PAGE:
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Wiki

When you’re thinking about ‘Getting your music out there’, there are quite a few choices. We’ve already covered MySpace, to a certain extent – though it’s worth mentioning a pretty good bit of coverage about How to Promote Yourself on MySpace on Wired.

You’ll notice that Wired article is a Wiki. That is to say, it’s an online article that anyone can edit. If you have useful things to contribute to that article, you should absolutely go and make changes. This is a large part of how the web is grown these days – by leveraging broadly distributed knowledge. And it also reminds of us of one of the most important sites for musicians these days: Wikipedia.

Wikipedia pretty much universally comes up in the top ranking search results for any given topic. If there’s a page about your band on Wikipedia, that will be one of the default places to look when people are searching for you. Your page, your MySpace page, your Wikipedia entry.

Woodford station north.Image via WikipediaThis particular fact was brought to my attention by David Sherbow of MPTrax.com when we met at a blogging conference in Chicago recently. There’d been an article about it in a recent issue of Billboard magazine and while they made it clear that it was important, they may have understated just how important it is.

But here’s the thing:
while it’s crucial that you’re findable on Wikipedia, AND it’s true that anyone can just log on to Wikipedia and write or edit an entry – it’s considered bad form to write your own entry. Really. You just look like a bit of a plonker. Wikipedia strives to be objective, impartial and balanced. Very difficult to do that when you’re writing a self-hagiography.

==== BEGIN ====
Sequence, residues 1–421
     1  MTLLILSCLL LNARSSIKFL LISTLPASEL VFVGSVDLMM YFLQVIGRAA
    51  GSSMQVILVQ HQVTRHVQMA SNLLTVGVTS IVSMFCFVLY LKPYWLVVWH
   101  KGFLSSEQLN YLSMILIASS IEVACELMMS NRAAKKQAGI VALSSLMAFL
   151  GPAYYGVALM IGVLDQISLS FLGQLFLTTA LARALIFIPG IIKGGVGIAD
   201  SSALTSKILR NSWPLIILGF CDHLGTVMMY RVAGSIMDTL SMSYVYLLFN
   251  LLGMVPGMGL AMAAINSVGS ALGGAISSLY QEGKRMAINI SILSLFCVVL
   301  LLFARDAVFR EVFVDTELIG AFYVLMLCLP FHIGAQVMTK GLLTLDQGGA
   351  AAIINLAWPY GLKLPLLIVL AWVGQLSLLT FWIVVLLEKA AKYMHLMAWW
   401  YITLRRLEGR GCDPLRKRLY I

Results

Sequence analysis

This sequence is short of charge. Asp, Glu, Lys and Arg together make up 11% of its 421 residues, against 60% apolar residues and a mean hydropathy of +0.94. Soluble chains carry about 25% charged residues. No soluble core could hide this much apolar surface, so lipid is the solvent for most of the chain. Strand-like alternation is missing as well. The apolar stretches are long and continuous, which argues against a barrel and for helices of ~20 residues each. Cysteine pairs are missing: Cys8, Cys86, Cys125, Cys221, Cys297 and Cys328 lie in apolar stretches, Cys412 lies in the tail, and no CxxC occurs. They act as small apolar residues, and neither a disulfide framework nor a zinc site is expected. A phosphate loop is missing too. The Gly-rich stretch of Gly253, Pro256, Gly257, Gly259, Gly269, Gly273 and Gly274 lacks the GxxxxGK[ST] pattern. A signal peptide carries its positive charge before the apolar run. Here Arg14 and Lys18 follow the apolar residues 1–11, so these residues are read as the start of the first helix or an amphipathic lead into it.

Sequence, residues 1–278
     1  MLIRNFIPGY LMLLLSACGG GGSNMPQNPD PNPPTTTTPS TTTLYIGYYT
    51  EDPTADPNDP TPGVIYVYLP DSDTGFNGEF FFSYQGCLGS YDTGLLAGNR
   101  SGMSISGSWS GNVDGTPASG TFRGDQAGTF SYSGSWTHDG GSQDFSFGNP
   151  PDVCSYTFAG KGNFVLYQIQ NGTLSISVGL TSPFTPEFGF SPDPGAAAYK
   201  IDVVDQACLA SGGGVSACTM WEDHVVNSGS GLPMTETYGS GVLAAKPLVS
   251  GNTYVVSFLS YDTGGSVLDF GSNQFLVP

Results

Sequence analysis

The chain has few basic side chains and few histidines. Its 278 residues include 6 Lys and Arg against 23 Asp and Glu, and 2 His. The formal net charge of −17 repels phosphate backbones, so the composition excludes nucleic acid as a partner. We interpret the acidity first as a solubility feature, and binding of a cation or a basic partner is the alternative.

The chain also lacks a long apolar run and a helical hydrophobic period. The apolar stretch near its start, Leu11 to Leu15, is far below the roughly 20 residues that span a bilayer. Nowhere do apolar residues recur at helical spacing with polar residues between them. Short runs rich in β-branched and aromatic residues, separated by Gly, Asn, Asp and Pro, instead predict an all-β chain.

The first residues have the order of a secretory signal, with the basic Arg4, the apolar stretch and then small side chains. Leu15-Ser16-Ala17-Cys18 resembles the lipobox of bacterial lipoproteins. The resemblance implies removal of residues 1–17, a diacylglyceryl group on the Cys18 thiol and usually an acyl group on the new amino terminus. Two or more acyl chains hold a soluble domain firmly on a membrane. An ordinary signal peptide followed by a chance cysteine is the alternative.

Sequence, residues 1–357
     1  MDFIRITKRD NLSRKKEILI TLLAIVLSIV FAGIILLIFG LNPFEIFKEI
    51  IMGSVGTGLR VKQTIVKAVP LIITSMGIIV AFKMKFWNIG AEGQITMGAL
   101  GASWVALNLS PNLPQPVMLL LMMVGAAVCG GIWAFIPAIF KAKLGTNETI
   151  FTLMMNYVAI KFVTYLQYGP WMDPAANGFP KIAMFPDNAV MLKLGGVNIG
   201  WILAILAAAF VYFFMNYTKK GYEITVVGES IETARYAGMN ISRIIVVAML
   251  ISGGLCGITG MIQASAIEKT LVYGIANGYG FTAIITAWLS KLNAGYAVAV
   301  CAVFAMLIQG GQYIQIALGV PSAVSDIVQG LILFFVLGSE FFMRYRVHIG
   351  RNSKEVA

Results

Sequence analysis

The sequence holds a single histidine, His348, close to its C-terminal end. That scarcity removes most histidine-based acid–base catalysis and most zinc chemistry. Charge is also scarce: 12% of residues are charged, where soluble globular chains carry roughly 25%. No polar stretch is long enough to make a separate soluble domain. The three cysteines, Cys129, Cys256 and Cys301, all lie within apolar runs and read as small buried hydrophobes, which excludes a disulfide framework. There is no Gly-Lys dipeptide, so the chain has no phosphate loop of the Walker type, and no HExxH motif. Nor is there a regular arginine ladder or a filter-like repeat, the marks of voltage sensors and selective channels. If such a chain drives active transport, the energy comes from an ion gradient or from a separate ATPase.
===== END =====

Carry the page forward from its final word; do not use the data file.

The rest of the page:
So a good idea is to ask someone who knows a bit about your music, and can put in a little bit of time giving some biographical detail, maybe upload an image or two and (ideally) take responsibility for tending your Wikipedia entry.

Further reading:
There are a few books that are worth a read on the topic of the phenomena of wikis and the power of community-contributed content online (I’m not a fan of ‘user generated’ as a term): Wikinomics is a good place to start, and Clay Shirky’s Here Comes Everybody should definitely be next on the list. I just polished them both off over the weekend, so this is fresh on my mind.

There are other sites to concern yourself with, and I’ll deal with those in later posts – but for now, go and spend some time recruiting your wiki-authors and get yourself up on one of the most read, most findable and most actively engaged-with websites on the planet.

And, of course, this gives me the cue to ask the same thing of you. Last I checked, there was no Wikipedia entry for New Music Strategies – or for me, for that matter. I’m not going to do it for the reasons stated above, but I’d consider it a real honour if you thought it was worth your while starting a Wikipedia entry about what I do.

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